I have always loved cars and trucks. When I was 10 years old my folks let me get subscriptions for several car magazines… Car Craft, Rod & Custom, Hot Rod and Car And Driver. I read those babies from cover to cover every month, and quickly developed a taste for what my little brain thought was “cool.”
I had no idea that my love of custom cars and sports cars would turn into a lifelong passion. Simply following my heart, I took pictures of the sports cars that attended my town’s rally every summer, even weaseled a few rides in the really neat ones, like a ’56 Mercedes 300 SL Gullwing and a ’57 Jaguar XK 120. So much fun, such a thrill at the time… I was pathetically hooked!
My Dad used to let me sit on his lap and steer for a few minutes when I was 12. Harley Stevens let me drive his big flatbed Ford F-150 around his horse pasture when I was 13. One day I remember asking him if he’d let me leave the pasture and drive up the dirt road. He smiled his Harley smile. “Not yet, Stevie. You’re still a little short in the poo.”
Real car lovers, of which I am one, have a relationship with their car. Yeah, yeah, I know the auto is an inanimate object, and what’s to love, anyway? Ha, a lot! The car might be inanimate, but it makes us feel good when we’re around it, or in it, driving it. A good car provides a lot of satisfaction (and fun!) in a stressful world. There is dimension to our love of cars… we work on them, clean them and personalize them to our particular tastes. Our car returns our love in kind, with freedom of movement, and a feeling of belonging, of validation, or perhaps confirmation that we get from the feeling that we can share who we are with others, through our ride.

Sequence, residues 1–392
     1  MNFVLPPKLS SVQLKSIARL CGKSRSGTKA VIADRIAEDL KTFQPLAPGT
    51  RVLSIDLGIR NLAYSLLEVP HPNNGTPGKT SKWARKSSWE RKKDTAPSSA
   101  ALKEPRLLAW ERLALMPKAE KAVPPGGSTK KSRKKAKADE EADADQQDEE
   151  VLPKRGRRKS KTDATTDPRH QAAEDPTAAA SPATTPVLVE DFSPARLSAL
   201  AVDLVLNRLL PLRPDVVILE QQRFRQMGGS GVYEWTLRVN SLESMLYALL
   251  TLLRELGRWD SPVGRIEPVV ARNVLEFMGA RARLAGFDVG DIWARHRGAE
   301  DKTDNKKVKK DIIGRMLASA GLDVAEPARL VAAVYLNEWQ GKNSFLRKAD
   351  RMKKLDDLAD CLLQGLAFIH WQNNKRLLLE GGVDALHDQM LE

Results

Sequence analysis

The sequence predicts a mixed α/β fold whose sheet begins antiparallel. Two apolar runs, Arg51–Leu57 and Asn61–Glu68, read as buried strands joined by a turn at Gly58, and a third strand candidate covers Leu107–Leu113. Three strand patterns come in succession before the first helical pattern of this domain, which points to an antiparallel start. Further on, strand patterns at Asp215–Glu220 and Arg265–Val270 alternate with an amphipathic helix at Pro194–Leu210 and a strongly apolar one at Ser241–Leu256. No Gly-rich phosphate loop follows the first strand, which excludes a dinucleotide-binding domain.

Why bother trying to analyze this? Why not just put this laptop away, go get in my car and take a drive? Good advice, of course, but I’m trying to put our love of our cars into a perspective that the non-car lovers, who are doubtlessly reading along here, can perhaps understand and relate to. For many of us it’s a pleasure of senses… the look, the smell of it, the sound of it, the feeling of power, the sense of when you’re around it, nothing else matters. When you love your car, it’s always fun to drive. And then there’s that incredible freedom it provides.
“That engine noise… that’s what always gets me. That engine noise.”
Walter Trachsler, Austin, Texas, ’76 Corvette Stingray
“I have to think that my artistic side also led to being able to recognize a beautiful car at a young age. And once I was able to drive, I learned that cars mean freedom and independence. And speed is fun!!!” Karen, ’02 Monte Carlo
“it makes me smile to drive it! Playing some classic rock, taking in a little of that muscle car engine smell, and enjoying the thumbs up from passersby can really make my day.” Doug, ’67 Camaro
The automobile came to mean to me so much more than just a means of transportation. Besides freedom, the car offered fun, adventure, a sense of style, personality, even a sense of self. Weird? Perhaps, but I began connecting certain types of people with certain kinds of cars they drove. It began to make sense.
In a post last year I told you about the guy who pulled up in an immaculate Porche into the gas station I worked at one afternoon. He was well-dressed, well-groomed, quiet, sophisticated, and set his leather driving gloves on the dash before he got out. He was nice to me, trusted me to gas him up and check his tires, clean his windshield. As he pulled away, I knew I wanted to be him.
Over time I learned to appreciate not only the good designs that made certain cars classics, but also for the designers whose vision made them happen in the first place. The builders and fabricators of custom cars back then always made their cars better, cooler, more powerful than when they came from the factory. And it became obvious that different cars spoke to us in different ways, suggesting that our ride might partially define us, or at least define our taste in automobiles.